January 20, 2023 – Channing Muller was 26 when she had her first stroke. A vegetarian for a decade and a recreational runner, it shocked her and her doctors.
“The first one happened in the morning after I did a pub crawl,” says Muller, now 37. “I stepped out of bed and my heart was pounding, I felt tingles all over my body and I lost all color in my face.”
She tried to curl up in a fetal position and attempted to get back into bed, but her heartbeat wouldn’t slow.
“I could breathe but I couldn’t regulate my breathing,” she recalls.
After calling her roommate for help, the two rushed to Georgetown Hospital in Washington, DC, five blocks from her apartment.
“They immediately hooked me up to an EKG machine and gave me aspirin,” says Muller, who now runs his own marketing business in Chattanooga, TN. “As my heart rate slowed, I learned that my heart was beating over 200 beats per minute during my 45-minute heart attack.”
After further tests, she was airlifted to the Cardiac Care Unit at Washington Hospital Center, also in Washington, DC, where she underwent even more tests. It was there that her doctors discovered that she had a blockage in the left anterior descending artery (LAD), otherwise known as the “widowmaker” because this blockage stops all blood flow to the left side of the heart.
“Yet, because of my age, I was sent home with medication instead of a stent,” she says. “I was told to go to cardiac rehab and that I would be monitored from there.”
A month later, she was back at work and feeling stressed when she began to feel severe tightness in her chest.
“I had nitroglycerin tablets with me, but after taking the second one I knew I had to go to the hospital because my heartbeat wasn’t slowing down,” she says.
By the time she arrived at the hospital, she had a complete heart attack and, after doctors inserted a catheter into her heart, learned that the artery was 95% blocked.
At that point, there was no choice but to place a stent and start cardiac rehabilitation again.
For Muller, those two things were life changing in every way.
“Cardiac rehab was the best thing I’ve ever done for myself because it taught me to believe that my body was not going to let me down,” she says. “It also helped my mental state. Here I was a runner, vegetarian and weight appropriate and it still happened. I needed to accept that, and cardiac rehab helped me.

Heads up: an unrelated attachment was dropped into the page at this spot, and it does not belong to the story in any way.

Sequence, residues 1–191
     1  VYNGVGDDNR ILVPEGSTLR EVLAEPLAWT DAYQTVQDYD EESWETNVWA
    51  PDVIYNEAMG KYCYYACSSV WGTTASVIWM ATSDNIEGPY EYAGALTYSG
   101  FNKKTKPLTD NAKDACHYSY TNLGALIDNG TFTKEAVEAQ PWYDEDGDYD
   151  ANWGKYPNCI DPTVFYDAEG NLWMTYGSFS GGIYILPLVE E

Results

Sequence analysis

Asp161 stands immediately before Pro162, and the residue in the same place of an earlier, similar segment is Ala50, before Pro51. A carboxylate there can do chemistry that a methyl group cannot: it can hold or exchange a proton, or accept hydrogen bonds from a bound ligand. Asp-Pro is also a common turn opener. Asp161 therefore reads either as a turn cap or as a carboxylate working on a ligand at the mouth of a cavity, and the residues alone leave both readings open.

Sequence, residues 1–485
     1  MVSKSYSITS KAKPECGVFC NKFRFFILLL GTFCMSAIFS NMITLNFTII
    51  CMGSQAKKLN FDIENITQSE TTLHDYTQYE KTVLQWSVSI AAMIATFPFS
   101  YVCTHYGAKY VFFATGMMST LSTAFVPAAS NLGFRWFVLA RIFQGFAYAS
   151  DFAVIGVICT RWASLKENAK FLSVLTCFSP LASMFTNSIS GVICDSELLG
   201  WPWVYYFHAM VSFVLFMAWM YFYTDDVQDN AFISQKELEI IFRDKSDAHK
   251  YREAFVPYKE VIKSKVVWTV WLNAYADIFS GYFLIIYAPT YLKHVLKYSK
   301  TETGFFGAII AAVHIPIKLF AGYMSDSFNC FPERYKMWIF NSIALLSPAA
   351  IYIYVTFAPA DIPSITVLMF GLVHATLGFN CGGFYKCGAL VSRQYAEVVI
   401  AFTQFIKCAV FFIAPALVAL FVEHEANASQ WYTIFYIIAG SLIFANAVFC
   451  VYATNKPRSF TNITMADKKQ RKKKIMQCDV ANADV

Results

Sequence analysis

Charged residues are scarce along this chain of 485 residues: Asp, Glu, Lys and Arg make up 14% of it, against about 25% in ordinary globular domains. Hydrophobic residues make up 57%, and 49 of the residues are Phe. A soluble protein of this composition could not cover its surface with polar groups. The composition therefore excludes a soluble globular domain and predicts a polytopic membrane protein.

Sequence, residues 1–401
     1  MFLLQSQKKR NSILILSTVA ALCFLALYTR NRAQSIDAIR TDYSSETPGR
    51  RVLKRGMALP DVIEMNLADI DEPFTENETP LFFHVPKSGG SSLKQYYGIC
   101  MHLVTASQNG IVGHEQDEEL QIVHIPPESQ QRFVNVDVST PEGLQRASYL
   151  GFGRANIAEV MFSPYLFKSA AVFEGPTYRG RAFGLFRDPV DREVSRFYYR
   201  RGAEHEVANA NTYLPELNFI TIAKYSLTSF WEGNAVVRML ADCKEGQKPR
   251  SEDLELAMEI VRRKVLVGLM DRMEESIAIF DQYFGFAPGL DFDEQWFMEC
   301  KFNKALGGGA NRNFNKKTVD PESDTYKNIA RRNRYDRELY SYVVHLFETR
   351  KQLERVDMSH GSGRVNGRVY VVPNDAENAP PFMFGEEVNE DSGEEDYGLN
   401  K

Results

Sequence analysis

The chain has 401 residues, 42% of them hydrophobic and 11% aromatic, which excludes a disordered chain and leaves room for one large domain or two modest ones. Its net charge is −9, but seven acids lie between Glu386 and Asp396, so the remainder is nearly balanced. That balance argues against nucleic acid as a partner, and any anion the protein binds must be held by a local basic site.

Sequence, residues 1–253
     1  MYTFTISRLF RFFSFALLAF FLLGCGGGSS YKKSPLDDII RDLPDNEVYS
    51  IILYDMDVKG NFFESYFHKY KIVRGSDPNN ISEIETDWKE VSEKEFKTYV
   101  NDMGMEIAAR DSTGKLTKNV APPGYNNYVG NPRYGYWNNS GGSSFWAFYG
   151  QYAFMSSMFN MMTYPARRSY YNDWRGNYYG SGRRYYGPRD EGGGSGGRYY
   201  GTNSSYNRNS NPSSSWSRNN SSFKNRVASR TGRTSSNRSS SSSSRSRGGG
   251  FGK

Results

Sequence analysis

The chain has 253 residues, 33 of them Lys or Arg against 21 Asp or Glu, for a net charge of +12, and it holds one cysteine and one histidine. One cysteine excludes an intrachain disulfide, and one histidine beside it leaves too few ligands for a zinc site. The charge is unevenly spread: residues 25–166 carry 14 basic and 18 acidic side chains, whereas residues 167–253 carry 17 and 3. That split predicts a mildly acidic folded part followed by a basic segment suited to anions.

Within a year, the damage from the heart attack had healed, thanks to her age and her hard work in rehab.
“Unless you know I’m a person living with this, you would never know I had issues,” she says.
Even better, she resumed her exercise routine and ran her first half marathon in 2019. In December 2021, she celebrated her 10th anniversary of heart health by running her first of 12 marathons (she plans two more in the coming months). She didn’t lose sight of the fact that she was going to run 26.2 miles and that she was 26 when she had her heart attack.
“What I want people, especially women, to know is that you have to stand up for yourself,” says Muller, who serves on the boards of the American Heart Association and Go Red For Women. “The biggest thing that worries us is that we don’t want to make a fuss or think it’s a panic attack or you’re stressed. Make some noise.
She also urges us all to know the difference between a panic attack and a heart attack.
“For women, they feel very similar,” she says. “The difference is that if you have a panic attack and you focus on a point on the wall and take a deep breath, you will be able to do it and your heart rate will slow down. A heart attack does not stop. You cannot not concentrate on getting out of it. It has to run its course.”
These days, Muller sees her cardiologist every year and takes four cholesterol medications, a baby aspirin and blood pressure medication every day.
Muller says her heart attacks changed her forever.
“I strongly believe that we are the product of our experiences and how we deal with them,” she says. “Having that was the worst experience, but I managed to get through it and learned to become more in tune with my body.”
It also pushed her to dedicate her life to physical challenges.
“Who knows if I would be so dedicated to my marathons if I hadn’t already proven that I could go through something so scary,” she says. “I was forced to become a much stronger person, so here I am!”